What was the hardest part of this project?
We opened a new page for investigative journalism by publishing a more thorough report than that of the highway operator and the government in a shorter amount of time. Using millimeter-scale fluctuation data instead of satellite images to uncover facts is a world-leading example of satellite journalism.
The hardest aspect of this project was the verifying the accuracy of the data.
Show data to the parties
We showed data to multiple government officials and members of the expert committee examining the incident to confirm whether there were any discrepancies with the highway operator’s investigation results. The various parties endorsed Nikkei’s results, saying, “This Nikkei investigation cannot be denied. You can present it with confidence.” Nikkei also received an inquiry as to whether it could sell the data.
Speaking with 100 households
We visited about 100 households and received detailed accounts from half. Nikkei noted these accounts and inspected cracks in buildings and surrounding structures. Residents felt vibrations and heard noises at the same time when the data showed depressions and uplifts occurring. In addition, Nikkei confirmed that manholes had risen up, utility poles were tilted, and walls were cracked in areas where the data showed the greatest depressions.
Survey with experts
Nikkei also showed the data to experts in geology and tunnel construction who have no direct interest in the accident investigation. They confirmed the possibility that the analysis results were plausible considering the surface conditions in the area. Furthermore, Nikkei went to the area with one of the experts and confirmed that the data and the actual ground surface fluctuations were linked.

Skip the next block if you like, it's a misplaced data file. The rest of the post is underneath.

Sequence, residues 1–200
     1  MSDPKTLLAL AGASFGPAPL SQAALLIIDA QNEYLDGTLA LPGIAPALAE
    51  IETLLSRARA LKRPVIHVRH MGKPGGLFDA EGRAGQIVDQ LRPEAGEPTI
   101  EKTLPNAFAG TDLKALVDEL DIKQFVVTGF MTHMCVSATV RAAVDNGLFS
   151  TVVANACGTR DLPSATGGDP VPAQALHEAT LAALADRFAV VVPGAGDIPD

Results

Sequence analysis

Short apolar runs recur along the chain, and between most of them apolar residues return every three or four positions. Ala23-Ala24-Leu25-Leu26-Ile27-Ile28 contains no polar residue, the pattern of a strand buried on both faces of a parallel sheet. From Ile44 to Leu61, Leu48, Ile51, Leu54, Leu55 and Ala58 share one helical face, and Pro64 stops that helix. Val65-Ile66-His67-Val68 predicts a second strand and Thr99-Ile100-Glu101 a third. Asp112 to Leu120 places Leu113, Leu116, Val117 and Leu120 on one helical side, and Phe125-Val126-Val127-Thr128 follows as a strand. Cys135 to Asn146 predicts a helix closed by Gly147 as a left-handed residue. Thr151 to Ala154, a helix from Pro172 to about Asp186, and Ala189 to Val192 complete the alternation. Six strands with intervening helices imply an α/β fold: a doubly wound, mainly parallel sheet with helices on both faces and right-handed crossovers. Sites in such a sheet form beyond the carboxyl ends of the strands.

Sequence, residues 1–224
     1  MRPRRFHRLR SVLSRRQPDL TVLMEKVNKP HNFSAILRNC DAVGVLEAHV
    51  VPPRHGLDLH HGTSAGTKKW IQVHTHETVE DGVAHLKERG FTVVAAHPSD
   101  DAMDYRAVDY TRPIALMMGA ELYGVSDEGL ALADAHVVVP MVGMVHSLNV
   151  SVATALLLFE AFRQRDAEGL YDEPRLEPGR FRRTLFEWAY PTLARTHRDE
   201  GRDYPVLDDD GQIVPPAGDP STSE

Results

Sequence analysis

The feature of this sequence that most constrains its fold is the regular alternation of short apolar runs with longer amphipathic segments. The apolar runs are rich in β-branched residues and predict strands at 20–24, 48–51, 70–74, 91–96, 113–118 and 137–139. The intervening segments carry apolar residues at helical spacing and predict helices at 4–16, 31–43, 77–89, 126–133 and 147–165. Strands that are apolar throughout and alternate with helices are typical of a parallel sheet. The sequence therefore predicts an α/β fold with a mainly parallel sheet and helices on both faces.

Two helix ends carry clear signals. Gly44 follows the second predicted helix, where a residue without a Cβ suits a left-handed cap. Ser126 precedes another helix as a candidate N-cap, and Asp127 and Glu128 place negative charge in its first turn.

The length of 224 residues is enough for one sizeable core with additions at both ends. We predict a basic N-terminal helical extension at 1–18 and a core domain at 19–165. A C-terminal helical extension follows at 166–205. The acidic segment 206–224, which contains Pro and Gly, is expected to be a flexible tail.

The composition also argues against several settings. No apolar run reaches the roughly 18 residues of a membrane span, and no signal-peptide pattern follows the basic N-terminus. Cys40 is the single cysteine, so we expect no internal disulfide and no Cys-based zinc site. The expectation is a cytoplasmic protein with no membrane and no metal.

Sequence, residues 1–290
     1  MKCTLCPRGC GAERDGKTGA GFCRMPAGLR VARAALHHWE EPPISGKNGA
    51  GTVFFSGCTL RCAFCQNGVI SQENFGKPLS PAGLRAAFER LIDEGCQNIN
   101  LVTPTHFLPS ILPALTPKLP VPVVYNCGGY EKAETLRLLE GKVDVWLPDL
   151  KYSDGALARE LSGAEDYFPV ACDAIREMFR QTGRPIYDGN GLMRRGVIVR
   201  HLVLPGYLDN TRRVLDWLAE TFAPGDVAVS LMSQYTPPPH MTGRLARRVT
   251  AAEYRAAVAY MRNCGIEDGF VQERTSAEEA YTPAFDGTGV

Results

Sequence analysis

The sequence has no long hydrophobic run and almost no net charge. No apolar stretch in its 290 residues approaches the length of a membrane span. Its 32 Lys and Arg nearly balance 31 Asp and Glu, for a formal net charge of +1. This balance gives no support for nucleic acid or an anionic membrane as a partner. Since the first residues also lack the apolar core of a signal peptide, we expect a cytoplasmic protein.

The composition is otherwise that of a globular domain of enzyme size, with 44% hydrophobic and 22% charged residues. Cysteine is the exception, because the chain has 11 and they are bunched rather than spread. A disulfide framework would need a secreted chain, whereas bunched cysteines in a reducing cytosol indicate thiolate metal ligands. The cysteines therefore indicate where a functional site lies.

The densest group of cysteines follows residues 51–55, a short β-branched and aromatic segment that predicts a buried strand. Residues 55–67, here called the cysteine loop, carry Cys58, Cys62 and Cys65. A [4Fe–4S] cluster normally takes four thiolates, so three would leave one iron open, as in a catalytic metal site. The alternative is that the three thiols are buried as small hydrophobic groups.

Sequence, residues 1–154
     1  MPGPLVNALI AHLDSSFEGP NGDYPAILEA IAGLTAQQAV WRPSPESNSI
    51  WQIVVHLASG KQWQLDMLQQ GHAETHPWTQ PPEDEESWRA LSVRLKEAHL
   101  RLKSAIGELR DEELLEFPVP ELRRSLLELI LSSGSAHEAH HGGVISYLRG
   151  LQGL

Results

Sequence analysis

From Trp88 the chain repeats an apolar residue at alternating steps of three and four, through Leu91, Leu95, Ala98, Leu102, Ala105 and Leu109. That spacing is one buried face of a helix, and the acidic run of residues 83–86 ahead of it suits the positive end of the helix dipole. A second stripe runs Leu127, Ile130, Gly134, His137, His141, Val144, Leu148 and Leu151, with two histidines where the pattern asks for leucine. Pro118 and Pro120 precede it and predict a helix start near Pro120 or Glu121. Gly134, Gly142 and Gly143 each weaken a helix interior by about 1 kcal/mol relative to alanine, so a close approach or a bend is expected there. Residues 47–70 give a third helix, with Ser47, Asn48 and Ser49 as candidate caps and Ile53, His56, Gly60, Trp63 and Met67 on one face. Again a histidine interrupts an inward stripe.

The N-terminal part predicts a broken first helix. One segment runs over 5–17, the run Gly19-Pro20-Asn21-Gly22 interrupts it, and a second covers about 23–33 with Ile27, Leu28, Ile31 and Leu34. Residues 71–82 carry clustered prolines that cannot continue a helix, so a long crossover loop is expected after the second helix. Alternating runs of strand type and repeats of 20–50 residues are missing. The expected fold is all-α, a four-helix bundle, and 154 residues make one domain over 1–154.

What can others learn from this project?
This project demonstrates the possibilities for satellite data usage in journalism and the importance of teamwork.
Usefulness of alternative data
The use of satellites in journalism has focused on images, but we have demonstrated that millimeter-scale data from Interferometric SARs can also be a powerful tool. Interferometric SARs can visualize changes that the human eye overlooks and help find the truth behind them. It is a new step in reporting using alternative data.
Interferometric SAR is used, for example, to measure the ground subsidence due to excessive oil excavation at oil drilling sites. The technology of capturing changes using fixed point observation fits well with journalism, which seeks the truth in a timely manner regardless of the weather.
Because it is satellite data, measuring equipment does need to be installed on the ground, and fluctuations can be verified retroactively even in dangerous places that people cannot enter . Alternative data extends the horizon of data journalism.
Gift of teamwork
Fortunately for our team, Nikkei’s R&D department had an established hotline with an Italian company that had satellite data for that area. In addition, the R&D department and reporters have been collaborating on a daily basis to grow Nikkei’s innovative initiatives. Through these collaborations, the data to be analyzed was accessible the day after the sinkhole occurred.
In addition, Nikkei assembled members from the permanent investigative journalism team and the local news section immediately. They gathered reporting from all directions simultaneously, including field interviews, meeting with experts, and contacting the relevant parties.
No matter how good data analysis is, a story that neglects on-the-ground voices and those of the concerned parties cannot be persuasive. It is important to go back and forth between the site and the data many times to reach the truth.